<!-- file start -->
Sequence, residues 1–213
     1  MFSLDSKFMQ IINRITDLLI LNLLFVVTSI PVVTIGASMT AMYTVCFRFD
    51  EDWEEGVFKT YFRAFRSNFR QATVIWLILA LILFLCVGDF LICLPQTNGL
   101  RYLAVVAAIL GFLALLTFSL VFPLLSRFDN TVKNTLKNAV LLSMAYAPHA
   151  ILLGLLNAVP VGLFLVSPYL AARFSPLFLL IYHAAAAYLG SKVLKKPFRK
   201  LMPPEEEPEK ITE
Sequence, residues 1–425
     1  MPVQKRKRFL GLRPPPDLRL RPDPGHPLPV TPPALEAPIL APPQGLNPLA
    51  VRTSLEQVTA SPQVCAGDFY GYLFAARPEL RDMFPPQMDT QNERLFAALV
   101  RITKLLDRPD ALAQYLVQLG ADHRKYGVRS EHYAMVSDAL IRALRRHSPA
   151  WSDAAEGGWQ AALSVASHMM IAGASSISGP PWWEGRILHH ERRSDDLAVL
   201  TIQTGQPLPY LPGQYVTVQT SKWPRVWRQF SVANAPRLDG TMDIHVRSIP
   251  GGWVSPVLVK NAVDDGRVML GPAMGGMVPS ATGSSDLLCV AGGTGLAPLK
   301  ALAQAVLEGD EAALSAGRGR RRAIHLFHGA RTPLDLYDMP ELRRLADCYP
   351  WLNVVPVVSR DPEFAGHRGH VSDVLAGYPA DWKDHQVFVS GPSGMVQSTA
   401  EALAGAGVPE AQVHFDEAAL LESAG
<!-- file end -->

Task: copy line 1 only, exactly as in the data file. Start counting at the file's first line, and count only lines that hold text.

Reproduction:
Sequence, residues 1–213